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Long Night at Today


All the while, Brian Stelter, the Times reporter, was documenting the Today show meltdown. Lauer refused to give Stelter an interview, believing he was working hand in glove with Ben Sherwood to tear him down in the press (an impression that Stelter vehemently denies). And indeed, Sherwood was fanning bad news about Lauer.

When I bring up the press about him, Lauer grows agitated. “There was a piling on,” he says. “Fair, untrue, unfair, it didn’t matter, there was a wave of negativity.

“When the media covers something, it’s important to do basic homework. You can’t just repeat something over and over again until it sounds true. It’s not fair. You know how much trouble we would be in if we did that? If we repeated what one person told us over and over like it was a basic fact? We would be done.”

“It’s not just the New York Post,” adds Roker. “It’s everyone.”

“The show was No. 1 for so long that that story may have gotten a little old,” muses Nash. “So when they see an opportunity to tell a different story, everybody seizes on it. It’s hard to always control the narrative.”

But Lauer and the Today show found themselves in a bind: Curry refused to help them repair the damage, and it would be suicidal for Lauer to blame Curry for what was befalling him. Curry had morphed into a kind of martyr, and her defenders say she did nothing to harm NBC.

“I think it’s unfair to blame Ann for any of the problems that she had,” says Nicholas Kristof, the Times columnist and a close friend of Curry’s. “They were incredibly lucky to have stabbed in the back somebody who wasn’t in the least vindictive and had the interest of the Today show at heart even after they treated her so wretchedly.”

At one point, I ask the cast why Curry never helped repair the damage.

“You’d have to ask her that,” says Roker.

Did Lauer ever try talking to Curry about fixing the perception that her ouster was his fault?

“No, I have not ever had that conversation,” he said.

Why not?

“Because I’m concentrating on doing the show,” Lauer says, “not concentrating on spinning the damage and trying to end the negativity on a daily basis.”

When I evince skepticism, Lauer says, “You’re rolling your eyes like you don’t believe us, but that’s just not a conversation we’re having.”

But the answer is obvious: Matt Lauer was helpless to convince her otherwise.

The Wounds Time Heals

There’s talk of a live sloth on the set. I hear Martha Stewart declare, “Herring juice! Yum!”
On a cool morning in March, the control-room chatter at the Today show rises to a crescendo at 7 a.m., like a ship taking off, as executive producer Don Nash stands before a bank of screens, hands on hips, like Captain Kirk navigating the Enterprise. Another producer sees Stewart in one of the screens and declares: “She looks 100 years old!”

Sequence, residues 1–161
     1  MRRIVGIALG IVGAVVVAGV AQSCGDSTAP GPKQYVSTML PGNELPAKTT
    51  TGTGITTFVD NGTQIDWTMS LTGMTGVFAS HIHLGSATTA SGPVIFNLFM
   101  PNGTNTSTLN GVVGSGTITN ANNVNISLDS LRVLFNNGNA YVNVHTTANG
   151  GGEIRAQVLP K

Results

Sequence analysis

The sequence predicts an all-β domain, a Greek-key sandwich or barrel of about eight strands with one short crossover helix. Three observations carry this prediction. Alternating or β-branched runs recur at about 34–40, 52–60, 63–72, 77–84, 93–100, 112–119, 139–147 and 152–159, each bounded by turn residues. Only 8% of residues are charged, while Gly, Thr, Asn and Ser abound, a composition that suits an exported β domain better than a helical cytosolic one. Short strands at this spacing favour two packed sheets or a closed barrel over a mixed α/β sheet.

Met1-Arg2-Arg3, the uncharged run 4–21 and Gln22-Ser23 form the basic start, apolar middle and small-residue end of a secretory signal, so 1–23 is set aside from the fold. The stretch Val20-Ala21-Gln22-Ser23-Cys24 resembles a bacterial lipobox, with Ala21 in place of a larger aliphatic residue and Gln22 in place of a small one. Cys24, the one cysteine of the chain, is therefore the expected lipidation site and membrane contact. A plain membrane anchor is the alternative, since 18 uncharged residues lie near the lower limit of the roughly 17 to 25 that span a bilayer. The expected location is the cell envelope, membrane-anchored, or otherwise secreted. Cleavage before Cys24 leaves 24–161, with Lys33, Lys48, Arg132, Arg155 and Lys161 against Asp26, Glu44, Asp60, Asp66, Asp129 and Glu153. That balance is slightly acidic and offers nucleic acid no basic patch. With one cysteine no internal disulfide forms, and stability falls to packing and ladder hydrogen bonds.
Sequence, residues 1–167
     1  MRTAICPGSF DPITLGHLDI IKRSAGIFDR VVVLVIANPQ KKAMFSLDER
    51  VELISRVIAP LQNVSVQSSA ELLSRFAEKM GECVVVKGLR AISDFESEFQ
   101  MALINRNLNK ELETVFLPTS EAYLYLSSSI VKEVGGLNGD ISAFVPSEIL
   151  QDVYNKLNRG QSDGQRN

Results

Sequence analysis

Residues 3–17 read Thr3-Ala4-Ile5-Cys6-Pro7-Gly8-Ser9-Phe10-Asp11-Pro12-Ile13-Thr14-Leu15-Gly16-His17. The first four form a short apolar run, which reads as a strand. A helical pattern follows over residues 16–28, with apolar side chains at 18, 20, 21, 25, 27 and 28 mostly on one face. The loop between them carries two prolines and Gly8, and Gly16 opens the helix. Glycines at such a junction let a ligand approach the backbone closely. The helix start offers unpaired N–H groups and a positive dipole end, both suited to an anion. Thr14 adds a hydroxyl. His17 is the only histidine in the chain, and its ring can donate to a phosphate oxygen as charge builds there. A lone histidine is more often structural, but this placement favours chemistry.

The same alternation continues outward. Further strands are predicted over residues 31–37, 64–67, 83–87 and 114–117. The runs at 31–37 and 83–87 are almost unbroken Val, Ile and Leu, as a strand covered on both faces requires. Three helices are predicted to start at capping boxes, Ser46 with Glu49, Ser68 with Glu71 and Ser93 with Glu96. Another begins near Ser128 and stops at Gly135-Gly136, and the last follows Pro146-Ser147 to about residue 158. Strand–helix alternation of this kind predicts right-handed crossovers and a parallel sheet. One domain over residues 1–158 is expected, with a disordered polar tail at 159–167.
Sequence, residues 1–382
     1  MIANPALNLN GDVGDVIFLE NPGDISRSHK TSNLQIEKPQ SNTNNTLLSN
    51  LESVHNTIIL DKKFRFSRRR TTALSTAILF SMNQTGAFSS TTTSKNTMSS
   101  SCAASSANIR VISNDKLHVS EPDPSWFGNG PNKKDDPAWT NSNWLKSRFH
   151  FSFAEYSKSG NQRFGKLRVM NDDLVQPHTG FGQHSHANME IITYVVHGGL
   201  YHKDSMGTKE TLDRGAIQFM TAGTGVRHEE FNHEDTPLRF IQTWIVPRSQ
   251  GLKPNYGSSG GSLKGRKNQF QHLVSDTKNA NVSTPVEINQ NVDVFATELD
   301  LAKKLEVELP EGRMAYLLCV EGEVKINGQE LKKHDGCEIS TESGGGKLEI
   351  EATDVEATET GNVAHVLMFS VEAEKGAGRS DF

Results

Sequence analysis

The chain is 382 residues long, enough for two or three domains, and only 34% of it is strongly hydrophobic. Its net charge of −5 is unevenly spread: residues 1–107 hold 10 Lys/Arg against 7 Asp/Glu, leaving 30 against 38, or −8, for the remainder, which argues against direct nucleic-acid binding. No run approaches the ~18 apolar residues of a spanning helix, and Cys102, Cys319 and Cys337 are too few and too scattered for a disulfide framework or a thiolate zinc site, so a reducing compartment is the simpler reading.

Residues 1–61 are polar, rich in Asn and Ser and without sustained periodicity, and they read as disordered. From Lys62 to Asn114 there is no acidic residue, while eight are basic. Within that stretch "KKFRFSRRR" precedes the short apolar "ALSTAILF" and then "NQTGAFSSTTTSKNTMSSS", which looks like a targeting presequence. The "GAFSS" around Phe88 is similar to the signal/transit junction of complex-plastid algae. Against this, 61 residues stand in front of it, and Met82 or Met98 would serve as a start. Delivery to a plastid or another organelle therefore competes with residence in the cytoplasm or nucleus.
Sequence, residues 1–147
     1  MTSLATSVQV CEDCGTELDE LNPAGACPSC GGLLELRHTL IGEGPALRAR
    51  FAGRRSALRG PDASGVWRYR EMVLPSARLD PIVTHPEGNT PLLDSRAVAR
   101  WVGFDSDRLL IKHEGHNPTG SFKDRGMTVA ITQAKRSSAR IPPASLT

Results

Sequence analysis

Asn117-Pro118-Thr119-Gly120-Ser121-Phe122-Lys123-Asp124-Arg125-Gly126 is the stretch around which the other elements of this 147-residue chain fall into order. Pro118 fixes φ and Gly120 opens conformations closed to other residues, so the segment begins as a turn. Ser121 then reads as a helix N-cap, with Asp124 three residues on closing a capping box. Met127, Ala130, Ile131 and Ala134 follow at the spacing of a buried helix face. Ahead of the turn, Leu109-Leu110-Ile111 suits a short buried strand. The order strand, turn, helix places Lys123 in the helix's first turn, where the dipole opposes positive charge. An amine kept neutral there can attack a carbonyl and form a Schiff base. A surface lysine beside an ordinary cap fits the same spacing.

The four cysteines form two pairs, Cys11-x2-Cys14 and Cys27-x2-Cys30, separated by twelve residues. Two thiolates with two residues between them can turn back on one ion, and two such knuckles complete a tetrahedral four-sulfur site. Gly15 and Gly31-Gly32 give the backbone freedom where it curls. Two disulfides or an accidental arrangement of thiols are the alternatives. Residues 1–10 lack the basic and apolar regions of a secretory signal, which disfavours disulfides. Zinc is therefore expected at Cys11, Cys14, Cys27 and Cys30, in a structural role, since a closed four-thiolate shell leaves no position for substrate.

In the early-morning hours, starting a little after four, Lauer and Guthrie are briefed on stories in their dressing rooms and emerge before seven to pre­record the opening. On this day, the producers feature two segments with Martha Stewart, both handled by Lauer. The first is about her legal battle with ­Macy’s over distribution of her housewares, the other a meat-loaf-cooking segment. Lauer’s talent is telegraphing a pleasing, likable gravitas, and in his Stewart interview, he strikes his signature pose: He leans on his right elbow, legs crossed and swiveled left, reading glasses in right hand, pen in left, while he poses questions with a tone of tactful skepticism, his eyebrows cocked in expectation. Then he switches the pen to the other hand, dons his glasses, and reads from notes as if from a stone tablet of ­inescapable truth, almost sorry he has to go there. Then glasses off, eyebrows up.

But the interview isn’t as tough as it appears. The questions he asks are the ones Stewart was prepared for, and both Lauer and Stewart benefit from the appearance of a sharp exchange. Fifteen minutes later, Lauer is asking Stewart whether over­mixing the hamburger and the bread crumbs might make the meat loaf too dense. This isn’t his first meat-loaf session.

For NBC, Lauer’s talent is worth $25 million a year. Or at least it used to be. Now the bond between the star and his audience is damaged. “The guy is a legendary morning-show anchor,” says Nash. “He’s the Johnny Carson of morning TV. There’s nobody better than him. That’s why it’s so hard to read all the negative press.”

Last fall, Today producers used a research firm called Sterling to help analyze how viewers felt about the show. The producers flew to Florida to hang out in viewers’ living rooms, identifying themselves as researchers. A woman named Adrianna, for instance, thought the interviews went on too long, but she liked the weatherman. “People told us, ‘I love that Al Roker,’ ” says Wallace. “So they’re getting more Al Roker. It’s not an anti-Matt thing at all.”


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